Amazon slammed Elon Musk’s SpaceX as a serial rule-breaker on Wednesday amid an enduring fight over the two companies’ plans to build rivaling satellite networks. The conflict, waged within lengthy filings to the Federal Communications Commission, is nothing new. But this time, Amazon sent FCC officials a laundry list of Musk’s past troubles with other regulators, mounting its most aggressive attempt yet to push back on SpaceX’s speedy timeline for deploying its broadband satellites.
“Try to hold a Musk-led company to flight rules? You’re ‘fundamentally broken,’” Amazon wrote in its filing, referring to the time Musk complained that the Federal Aviation Administration’s regulatory structure slowed down SpaceX’s operations. “Try to hold a Musk-led company to health and safety rules? You’re ‘unelected & ignorant,’” it added, referring to Musk’s beef with officials who sought to keep factories closed to curb the spread of the coronavirus.
This particular fight — there have been many — goes back to earlier this year when SpaceX proposed an update to its Starlink network, a vast constellation of satellites in low-Earth orbit designed to beam broadband internet to rural areas with little to no internet connections. SpaceX has over 1,700 satellites in orbit so far, with about 100,000 customers using its internet services in a beta phase. Amazon is planning a similar satellite network called Kuiper with more than 3,000 satellites, but it hasn’t revealed production plans or launched any satellites to space yet.
Last month, SpaceX filed a request to tweak its proposal to the FCC, asking the commission to approve two plans for deploying Starlink satellites in the future. SpaceX, its filing said, would only implement one of the two plans, mainly hinging its decision on how quickly its next generation of Starlink satellites will be ready for launch and when its Starship rocket would be ready to start launching those Starlink satellites. Since 2019, SpaceX has used its Falcon 9 rockets to launch dozens of dedicated Starlink satellite missions to space. But Starship, a much bigger rocket that’s still under development, would more quickly send satellites in their target orbit, SpaceX says.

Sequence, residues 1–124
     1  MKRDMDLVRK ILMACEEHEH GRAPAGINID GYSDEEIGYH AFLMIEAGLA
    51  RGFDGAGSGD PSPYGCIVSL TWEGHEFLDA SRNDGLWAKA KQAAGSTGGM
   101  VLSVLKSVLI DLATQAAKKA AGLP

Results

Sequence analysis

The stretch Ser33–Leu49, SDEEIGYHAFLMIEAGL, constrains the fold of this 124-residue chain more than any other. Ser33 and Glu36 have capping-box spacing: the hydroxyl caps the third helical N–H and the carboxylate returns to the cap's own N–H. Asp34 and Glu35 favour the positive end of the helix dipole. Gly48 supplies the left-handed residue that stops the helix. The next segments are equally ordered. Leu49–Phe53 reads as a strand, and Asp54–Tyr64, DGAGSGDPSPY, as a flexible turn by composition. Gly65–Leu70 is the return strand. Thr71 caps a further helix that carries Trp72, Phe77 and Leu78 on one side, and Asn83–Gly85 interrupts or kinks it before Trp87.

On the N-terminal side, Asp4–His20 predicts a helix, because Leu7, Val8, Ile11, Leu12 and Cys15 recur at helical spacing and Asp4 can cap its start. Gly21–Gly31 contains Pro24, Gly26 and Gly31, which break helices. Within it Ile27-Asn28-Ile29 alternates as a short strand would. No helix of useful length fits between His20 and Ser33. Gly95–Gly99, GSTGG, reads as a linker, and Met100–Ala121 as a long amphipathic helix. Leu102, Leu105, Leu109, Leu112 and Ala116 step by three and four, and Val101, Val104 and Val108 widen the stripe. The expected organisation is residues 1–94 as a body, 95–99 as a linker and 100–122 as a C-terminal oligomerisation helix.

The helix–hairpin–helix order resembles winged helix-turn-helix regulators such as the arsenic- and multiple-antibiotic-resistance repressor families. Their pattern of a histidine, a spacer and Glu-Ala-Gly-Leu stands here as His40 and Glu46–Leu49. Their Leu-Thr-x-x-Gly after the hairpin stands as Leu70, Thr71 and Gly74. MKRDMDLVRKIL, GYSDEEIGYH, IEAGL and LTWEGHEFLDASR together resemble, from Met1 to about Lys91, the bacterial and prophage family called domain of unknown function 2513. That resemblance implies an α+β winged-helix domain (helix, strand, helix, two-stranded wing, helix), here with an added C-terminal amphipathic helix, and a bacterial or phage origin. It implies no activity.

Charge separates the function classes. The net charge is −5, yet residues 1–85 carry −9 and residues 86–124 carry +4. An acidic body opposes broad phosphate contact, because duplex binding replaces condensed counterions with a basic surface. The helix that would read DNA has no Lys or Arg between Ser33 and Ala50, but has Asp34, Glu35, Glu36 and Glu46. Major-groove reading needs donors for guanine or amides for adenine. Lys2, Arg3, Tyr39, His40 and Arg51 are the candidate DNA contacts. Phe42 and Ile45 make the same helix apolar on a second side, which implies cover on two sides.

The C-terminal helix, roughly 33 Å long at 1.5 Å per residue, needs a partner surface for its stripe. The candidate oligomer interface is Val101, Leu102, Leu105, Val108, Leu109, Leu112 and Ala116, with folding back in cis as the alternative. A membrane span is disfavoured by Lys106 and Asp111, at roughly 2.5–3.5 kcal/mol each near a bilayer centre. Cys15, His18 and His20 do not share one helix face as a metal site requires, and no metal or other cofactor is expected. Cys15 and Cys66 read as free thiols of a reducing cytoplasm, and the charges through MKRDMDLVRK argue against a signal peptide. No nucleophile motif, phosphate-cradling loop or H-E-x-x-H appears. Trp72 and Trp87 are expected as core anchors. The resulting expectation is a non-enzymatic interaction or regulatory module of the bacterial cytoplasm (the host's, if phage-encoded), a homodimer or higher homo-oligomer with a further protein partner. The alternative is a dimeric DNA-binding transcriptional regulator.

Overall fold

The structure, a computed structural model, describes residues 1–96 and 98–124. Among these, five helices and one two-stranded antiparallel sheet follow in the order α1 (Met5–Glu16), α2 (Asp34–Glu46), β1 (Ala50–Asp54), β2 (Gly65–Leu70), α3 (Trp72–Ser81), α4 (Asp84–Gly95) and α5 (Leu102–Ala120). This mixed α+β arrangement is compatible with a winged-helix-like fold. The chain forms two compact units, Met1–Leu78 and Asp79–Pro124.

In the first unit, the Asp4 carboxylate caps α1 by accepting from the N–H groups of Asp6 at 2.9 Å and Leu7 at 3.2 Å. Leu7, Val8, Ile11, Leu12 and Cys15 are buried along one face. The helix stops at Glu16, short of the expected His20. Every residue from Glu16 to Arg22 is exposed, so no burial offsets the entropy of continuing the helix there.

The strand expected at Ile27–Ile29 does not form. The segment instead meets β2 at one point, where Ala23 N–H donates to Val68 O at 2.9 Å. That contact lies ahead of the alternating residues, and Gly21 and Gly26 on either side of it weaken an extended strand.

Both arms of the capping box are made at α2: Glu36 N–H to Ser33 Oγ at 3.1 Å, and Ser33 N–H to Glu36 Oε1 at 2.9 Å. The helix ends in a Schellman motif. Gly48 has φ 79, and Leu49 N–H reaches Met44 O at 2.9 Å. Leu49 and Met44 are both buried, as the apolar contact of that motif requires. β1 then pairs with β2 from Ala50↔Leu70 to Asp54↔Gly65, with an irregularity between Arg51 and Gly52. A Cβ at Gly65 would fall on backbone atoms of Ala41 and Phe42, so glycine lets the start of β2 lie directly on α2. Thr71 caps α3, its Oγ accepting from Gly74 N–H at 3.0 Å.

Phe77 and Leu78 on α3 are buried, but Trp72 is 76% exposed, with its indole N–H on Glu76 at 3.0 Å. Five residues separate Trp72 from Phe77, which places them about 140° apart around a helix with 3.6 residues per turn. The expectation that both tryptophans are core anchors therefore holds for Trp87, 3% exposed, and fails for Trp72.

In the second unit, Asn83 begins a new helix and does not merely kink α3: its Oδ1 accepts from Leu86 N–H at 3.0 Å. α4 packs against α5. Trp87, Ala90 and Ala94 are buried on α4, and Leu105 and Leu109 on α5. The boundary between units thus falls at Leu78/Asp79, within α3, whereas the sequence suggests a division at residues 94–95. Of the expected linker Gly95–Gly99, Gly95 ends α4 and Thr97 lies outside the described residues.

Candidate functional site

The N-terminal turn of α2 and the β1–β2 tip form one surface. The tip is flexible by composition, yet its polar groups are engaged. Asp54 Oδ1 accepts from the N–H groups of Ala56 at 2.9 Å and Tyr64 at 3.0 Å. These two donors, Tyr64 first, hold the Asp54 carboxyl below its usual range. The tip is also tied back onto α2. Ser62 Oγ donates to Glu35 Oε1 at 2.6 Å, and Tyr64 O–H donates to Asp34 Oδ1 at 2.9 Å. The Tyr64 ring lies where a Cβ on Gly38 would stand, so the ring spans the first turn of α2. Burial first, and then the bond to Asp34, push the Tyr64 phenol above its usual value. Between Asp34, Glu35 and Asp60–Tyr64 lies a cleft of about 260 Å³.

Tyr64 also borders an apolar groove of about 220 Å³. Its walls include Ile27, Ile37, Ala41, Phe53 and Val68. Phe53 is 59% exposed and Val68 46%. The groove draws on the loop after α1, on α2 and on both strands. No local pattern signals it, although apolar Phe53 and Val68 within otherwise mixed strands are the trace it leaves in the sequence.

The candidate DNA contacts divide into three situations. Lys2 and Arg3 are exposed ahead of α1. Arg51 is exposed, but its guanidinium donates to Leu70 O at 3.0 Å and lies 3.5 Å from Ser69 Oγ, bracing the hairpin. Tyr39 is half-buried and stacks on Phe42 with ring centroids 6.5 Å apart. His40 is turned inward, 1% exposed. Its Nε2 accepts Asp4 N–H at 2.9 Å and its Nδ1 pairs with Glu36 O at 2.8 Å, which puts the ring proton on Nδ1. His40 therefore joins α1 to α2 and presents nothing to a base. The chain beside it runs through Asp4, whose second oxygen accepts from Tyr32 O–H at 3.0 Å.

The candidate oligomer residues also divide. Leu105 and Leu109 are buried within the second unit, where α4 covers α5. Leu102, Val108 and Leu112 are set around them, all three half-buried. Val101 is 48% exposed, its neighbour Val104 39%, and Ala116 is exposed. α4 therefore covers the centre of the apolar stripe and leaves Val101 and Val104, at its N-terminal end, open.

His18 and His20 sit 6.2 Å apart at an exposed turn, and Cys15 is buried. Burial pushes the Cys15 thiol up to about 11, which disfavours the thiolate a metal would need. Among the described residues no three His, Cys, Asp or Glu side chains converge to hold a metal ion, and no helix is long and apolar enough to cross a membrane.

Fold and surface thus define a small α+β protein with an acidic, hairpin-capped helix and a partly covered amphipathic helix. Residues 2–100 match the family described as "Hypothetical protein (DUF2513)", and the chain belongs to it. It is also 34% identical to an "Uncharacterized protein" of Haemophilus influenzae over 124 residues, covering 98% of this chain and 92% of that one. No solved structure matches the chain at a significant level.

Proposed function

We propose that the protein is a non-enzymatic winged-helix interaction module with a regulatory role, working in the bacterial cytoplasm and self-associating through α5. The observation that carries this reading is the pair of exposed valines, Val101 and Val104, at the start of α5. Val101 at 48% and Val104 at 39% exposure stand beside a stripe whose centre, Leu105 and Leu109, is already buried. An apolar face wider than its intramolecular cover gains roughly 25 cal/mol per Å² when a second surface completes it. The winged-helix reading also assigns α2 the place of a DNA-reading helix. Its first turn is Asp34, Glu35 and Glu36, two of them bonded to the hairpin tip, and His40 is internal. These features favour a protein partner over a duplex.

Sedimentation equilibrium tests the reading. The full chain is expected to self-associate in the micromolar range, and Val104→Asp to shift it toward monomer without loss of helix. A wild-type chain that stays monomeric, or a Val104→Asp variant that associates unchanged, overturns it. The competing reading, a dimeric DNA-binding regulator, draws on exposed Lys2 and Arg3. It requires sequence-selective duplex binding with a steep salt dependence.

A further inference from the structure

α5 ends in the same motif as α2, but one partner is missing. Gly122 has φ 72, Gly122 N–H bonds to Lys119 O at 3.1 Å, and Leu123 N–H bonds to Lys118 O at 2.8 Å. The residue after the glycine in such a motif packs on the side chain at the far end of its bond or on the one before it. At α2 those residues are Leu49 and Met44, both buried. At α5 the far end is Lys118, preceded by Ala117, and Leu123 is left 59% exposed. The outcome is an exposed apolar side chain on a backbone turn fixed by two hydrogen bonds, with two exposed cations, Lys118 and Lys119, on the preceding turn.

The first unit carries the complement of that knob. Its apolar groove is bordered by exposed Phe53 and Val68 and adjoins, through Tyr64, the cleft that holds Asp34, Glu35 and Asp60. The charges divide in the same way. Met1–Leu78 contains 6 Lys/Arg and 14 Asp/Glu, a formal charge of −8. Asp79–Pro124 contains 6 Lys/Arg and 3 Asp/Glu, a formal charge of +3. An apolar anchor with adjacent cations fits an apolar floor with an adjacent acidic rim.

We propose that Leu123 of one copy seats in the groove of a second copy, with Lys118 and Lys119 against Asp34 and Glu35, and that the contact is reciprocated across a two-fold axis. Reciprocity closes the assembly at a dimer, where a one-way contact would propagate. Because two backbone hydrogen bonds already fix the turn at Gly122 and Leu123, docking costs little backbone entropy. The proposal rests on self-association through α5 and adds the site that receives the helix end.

Amazon called foul days later, saying SpaceX’s strategy to propose two mutually exclusive plans runs afoul of precedent and “requires significant effort” for the FCC and other companies to scrutinize. SpaceX wasn’t buying it. “Amazon strains credulity by suggesting it lacks the resources to analyze SpaceX’s application, especially considering Amazon routinely brings as many as six lobbyists and lawyers to its many meetings with the Commission about SpaceX,” SpaceX shot back in another filing.
Amazon, in its latest filing, acknowledged it’s “well positioned” to evaluate the proposals but added that “this burden may weigh more heavily” on the other companies that commented on SpaceX’s plan. Companies are allotted time to analyze and oppose other companies’ proposed plans in case there’s a chance it interferes with their operations.
SpaceX’s rapid development pace of new technologies — supercharged by funding from Musk and lofty investment rounds — often moves faster than government agencies are able to regulate them, creating all sorts of trouble and drama and, sometimes, direct violations. Proposing two tentative plans for the FCC to review, while unconventional, is a bid to get the FCC on board with SpaceX’s speedy development ethic, which is defined by the company’s heavily boasted “iterative approach”: deploy the things first, get them in orbit, then plan gradual updates — or iterations — to weed out inefficiencies in the next satellites’ design. SpaceX started launching the first iteration of some 30,000 planned Starlink satellites in 2019 and has over 1,700 currently in orbit.
Now, SpaceX wants to deploy an upgraded generation of satellites, built bigger and with added capabilities like laser links, which waive the need for ground stations by allowing the satellites to talk to each other and relay communications in orbit as they pass over user areas.
This production strategy is somewhat akin to SpaceX’s development with Starship: launch the thing first, work out any errors or design inefficiencies that pop up along the way, make design changes, launch again, rinse and repeat. In SpaceX’s rocket world, the iterative approach has pissed off regulators. And in the satellite world, it’s pissing off SpaceX’s competitors. SpaceX has largely moved ahead regardless of those obstacles.
“On the iteration side of things, that’s what keep people engaged,” Jonathan Hofeller, SpaceX’s vice president of commercial Starlink sales, said on Wednesday. “With Starlink we’re certainly capitalizing on it, and we challenge everybody else to capitalize on it,” he said, adding that “the conventional way of doing satellites just takes too long.”
“People come to SpaceX… because they see action,” Hofeller said. “That’s how you get people engaged in what you’re doing.”